By Uzodinma Ukagwu
The WE Charity scandal has chugged along like the quintessential Trudeau scandal; drip, drip, drip.
Along with it, Bill Morneau has resigned as minister of finance. He is the designated offering thrown from the ship to appease the sea gods. But alas, the waters are not calm and a showdown is set for September 23 when Justin Trudeau’s prorogation ends and parliament returns.
Will the government fall in the confidence vote on September 23 after Trudeau lays out his supposedly ambitious agenda during his throne speech? Only Jagmeet Singh and the New Democratic Party can decide that. It is pretty clear by now that no other party is inclined to save this Liberal government.
The Conservatives have made it clear that they do not like the direction that the Liberals have been leading the country, especially pertaining to fiscal and economic matters. Outgoing leader, Andrew Scheer, famously said in his concession speech on election night last year that when the “government falls, conservatives will be ready.”
The Conservatives may like Trudeau’s new economic plan even less with all the possible deficits it would entail. With their new leader, Erin O’Toole, in place by September 23, and the Trudeau government falling in the polls because of the WE Charity scandal, the Conservatives will have little to no qualms about a new election.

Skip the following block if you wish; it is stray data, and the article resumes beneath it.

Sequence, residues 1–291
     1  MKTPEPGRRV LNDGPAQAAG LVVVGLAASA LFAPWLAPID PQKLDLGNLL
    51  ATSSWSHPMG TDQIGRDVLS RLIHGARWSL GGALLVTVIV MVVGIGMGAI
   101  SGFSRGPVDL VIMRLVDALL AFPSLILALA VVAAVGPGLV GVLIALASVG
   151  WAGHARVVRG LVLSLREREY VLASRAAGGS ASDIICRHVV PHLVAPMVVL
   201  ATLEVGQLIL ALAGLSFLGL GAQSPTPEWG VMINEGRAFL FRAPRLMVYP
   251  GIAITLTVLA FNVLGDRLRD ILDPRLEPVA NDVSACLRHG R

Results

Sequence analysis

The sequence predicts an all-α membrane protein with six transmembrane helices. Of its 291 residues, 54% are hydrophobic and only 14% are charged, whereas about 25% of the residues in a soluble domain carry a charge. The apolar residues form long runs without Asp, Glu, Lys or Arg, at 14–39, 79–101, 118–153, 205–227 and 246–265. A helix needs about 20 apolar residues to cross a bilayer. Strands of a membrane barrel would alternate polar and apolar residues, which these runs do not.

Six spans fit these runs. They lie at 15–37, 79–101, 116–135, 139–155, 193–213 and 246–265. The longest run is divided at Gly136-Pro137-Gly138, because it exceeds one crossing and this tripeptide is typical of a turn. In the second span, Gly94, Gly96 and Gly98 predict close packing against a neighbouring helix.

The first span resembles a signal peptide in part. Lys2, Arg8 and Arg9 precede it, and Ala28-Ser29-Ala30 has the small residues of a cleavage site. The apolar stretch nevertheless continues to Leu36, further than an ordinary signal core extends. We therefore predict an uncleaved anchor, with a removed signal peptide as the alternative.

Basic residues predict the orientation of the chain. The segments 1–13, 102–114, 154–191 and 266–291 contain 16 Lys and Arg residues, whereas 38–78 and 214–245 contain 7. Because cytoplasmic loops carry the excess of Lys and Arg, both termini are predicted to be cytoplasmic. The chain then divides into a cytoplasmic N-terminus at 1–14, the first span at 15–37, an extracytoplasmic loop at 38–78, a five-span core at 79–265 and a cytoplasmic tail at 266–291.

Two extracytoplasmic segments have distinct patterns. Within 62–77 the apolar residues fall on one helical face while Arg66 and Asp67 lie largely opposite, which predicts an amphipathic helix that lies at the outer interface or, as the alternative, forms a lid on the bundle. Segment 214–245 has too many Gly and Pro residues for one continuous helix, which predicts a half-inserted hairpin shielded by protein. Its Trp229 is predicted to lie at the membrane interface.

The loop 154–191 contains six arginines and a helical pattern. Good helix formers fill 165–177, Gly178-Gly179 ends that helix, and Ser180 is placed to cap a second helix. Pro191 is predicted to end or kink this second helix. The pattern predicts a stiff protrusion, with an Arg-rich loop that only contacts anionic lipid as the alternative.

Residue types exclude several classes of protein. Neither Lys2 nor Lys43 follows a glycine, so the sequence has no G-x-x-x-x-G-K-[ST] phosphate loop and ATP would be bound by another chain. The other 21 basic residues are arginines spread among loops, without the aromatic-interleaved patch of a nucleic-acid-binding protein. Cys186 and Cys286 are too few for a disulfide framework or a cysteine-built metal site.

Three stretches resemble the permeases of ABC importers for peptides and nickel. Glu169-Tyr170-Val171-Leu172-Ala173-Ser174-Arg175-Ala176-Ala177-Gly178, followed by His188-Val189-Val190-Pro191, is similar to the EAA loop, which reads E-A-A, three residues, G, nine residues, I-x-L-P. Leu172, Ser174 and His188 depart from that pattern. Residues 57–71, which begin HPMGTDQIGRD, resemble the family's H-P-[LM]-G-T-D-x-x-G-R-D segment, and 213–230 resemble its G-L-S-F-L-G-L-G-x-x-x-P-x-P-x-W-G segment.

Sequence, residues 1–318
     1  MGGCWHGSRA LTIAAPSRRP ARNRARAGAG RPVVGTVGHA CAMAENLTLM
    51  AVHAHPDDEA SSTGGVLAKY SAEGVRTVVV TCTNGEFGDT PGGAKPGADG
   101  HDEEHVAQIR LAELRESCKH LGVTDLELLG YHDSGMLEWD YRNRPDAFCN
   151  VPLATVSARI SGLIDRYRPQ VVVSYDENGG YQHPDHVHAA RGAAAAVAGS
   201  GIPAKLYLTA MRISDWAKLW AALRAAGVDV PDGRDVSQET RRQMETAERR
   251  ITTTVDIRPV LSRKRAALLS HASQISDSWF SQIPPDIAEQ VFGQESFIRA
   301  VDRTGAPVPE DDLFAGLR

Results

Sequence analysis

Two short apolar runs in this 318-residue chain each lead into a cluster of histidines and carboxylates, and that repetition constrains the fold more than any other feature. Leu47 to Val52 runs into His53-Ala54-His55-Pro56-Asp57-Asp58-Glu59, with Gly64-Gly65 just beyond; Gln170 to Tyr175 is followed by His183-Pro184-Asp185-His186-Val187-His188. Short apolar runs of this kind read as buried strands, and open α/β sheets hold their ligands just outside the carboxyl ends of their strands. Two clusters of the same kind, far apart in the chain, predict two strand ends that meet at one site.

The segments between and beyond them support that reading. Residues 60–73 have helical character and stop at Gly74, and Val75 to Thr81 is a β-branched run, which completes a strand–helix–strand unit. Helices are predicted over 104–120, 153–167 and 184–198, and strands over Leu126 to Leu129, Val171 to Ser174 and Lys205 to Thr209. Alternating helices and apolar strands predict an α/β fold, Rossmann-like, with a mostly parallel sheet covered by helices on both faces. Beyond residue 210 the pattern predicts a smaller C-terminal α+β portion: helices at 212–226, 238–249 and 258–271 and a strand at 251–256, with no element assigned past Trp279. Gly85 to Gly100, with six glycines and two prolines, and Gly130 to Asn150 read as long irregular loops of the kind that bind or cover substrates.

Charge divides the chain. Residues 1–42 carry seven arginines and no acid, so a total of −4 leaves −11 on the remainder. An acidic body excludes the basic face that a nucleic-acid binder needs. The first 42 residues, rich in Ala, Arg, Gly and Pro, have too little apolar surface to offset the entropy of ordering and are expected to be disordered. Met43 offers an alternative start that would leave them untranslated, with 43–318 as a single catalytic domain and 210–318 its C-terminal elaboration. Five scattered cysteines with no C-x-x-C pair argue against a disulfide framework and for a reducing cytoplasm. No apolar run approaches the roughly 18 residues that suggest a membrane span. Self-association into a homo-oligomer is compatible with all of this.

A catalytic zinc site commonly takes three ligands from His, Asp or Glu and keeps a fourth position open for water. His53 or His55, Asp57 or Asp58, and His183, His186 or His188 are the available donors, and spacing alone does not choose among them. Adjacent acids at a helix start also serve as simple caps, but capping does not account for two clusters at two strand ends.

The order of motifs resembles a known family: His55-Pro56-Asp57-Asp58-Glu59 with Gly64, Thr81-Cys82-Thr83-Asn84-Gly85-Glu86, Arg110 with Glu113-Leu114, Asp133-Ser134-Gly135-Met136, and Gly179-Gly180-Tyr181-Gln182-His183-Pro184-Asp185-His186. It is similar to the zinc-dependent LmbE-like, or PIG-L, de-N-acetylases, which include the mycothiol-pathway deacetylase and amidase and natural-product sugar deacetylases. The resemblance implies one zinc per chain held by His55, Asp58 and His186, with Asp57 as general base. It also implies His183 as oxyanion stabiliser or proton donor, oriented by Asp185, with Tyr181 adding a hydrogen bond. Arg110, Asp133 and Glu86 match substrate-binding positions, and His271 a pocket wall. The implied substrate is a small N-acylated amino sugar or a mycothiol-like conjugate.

“Frantic negotiations between the Liberals and the NDP will begin at some point before September 23.”
The Bloc Québécois have also been very bullish and insistent in calling for Trudeau to resign over the scandal and are unlikely to turn around and support a Trudeau-led government in a confidence vote. In my opinion, the Bloc’s goal has never been to form a government but to secure as many seats in Quebec as possible. They reckon that with this scandal weakening the Liberals, they can do even better than their solid performance in the last election.
Ruling out the Conservatives and the Bloc leaves only the New Democratic Party (NDP) as a potential voting and governing partner for the Liberals. In this past year since the last election, and in this minority government situation, Singh and the NDP have already proven to be the Liberals’ most willing collaborators. When the Liberals continued the suspension of regular parliament in May due to COVID-19, it was the NDP’s support that made it possible, over the objection of all other parties except the Green’s. All the NDP asked for in exchange, was for the government to commit to work with the provinces to develop a universal sick leave plan for Canadians.
It is also in the NDP’s interest to work with the Liberals to stave off an election because their election prospects do not look great either. The NDP lost 20 seats in the last election, dropping down to become the fourth largest caucus in parliament with 24 seats. They are still paying off their debt from the last election, but have voiced that they would be ready for an effective election campaign.
Frantic negotiations between the Liberals and the NDP will begin at some point before September 23 on how the NDP would like the economic plan to look.
The only wild card will be what penance Singh will demand from the Liberals to atone for the WE scandal, and if the Liberals will be willing to pay it.
Copyright© 2020 by Uzodinma Ukagwu